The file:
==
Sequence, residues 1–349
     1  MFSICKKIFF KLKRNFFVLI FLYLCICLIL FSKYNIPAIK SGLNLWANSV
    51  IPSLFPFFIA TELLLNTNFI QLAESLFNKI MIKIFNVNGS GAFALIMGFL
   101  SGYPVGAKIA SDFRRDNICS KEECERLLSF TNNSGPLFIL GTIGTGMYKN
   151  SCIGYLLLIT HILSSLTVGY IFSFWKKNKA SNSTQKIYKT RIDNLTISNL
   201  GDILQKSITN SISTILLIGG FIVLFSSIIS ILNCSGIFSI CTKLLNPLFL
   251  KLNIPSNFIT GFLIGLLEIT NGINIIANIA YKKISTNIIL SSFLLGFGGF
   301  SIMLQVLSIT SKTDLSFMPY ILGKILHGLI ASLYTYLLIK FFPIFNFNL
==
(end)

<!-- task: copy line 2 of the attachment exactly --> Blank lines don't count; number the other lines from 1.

     1  MFSICKKIFF KLKRNFFVLI FLYLCICLIL FSKYNIPAIK SGLNLWANSV